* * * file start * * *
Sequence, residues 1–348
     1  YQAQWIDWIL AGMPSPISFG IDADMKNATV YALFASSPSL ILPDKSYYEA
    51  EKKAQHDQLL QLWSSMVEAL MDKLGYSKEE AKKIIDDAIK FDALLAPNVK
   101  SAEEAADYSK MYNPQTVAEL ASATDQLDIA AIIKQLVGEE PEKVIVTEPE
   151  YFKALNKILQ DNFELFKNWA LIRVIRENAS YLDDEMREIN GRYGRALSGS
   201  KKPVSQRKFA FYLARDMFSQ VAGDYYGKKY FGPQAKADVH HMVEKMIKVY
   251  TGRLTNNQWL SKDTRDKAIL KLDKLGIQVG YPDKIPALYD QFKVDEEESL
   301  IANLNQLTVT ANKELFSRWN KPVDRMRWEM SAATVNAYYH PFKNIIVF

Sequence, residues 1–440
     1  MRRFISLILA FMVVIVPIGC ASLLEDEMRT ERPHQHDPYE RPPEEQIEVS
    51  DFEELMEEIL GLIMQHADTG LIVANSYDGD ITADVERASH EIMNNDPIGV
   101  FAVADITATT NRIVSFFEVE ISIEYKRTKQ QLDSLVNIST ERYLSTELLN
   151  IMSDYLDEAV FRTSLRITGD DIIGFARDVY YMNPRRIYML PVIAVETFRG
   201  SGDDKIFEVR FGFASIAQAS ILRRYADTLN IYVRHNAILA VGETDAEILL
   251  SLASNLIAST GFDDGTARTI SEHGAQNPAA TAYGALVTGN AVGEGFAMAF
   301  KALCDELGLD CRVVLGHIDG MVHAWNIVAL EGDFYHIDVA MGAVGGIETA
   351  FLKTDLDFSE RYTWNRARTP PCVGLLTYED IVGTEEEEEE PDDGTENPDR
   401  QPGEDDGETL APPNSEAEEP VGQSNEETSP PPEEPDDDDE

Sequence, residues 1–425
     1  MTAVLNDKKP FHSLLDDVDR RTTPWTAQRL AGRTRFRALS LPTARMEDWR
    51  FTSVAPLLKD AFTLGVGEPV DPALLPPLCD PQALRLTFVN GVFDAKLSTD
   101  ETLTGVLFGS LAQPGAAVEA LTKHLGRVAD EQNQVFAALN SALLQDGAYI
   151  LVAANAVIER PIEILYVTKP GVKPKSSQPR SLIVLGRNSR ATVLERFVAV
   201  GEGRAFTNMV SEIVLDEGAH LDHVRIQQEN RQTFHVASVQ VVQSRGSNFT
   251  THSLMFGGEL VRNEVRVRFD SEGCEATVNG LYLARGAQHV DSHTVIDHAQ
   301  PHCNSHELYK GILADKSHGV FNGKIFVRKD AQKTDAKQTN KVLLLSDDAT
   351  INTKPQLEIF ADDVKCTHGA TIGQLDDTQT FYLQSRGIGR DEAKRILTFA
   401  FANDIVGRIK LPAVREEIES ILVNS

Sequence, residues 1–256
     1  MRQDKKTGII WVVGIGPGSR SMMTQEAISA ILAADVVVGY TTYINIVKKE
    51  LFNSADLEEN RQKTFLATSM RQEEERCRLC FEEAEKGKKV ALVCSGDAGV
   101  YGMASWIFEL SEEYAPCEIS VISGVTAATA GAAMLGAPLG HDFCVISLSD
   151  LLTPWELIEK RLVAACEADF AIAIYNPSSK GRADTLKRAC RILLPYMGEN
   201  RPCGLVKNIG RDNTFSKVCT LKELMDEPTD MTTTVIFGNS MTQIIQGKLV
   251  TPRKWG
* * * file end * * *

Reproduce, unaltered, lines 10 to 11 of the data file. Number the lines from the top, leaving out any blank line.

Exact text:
     1  MRRFISLILA FMVVIVPIGC ASLLEDEMRT ERPHQHDPYE RPPEEQIEVS
    51  DFEELMEEIL GLIMQHADTG LIVANSYDGD ITADVERASH EIMNNDPIGV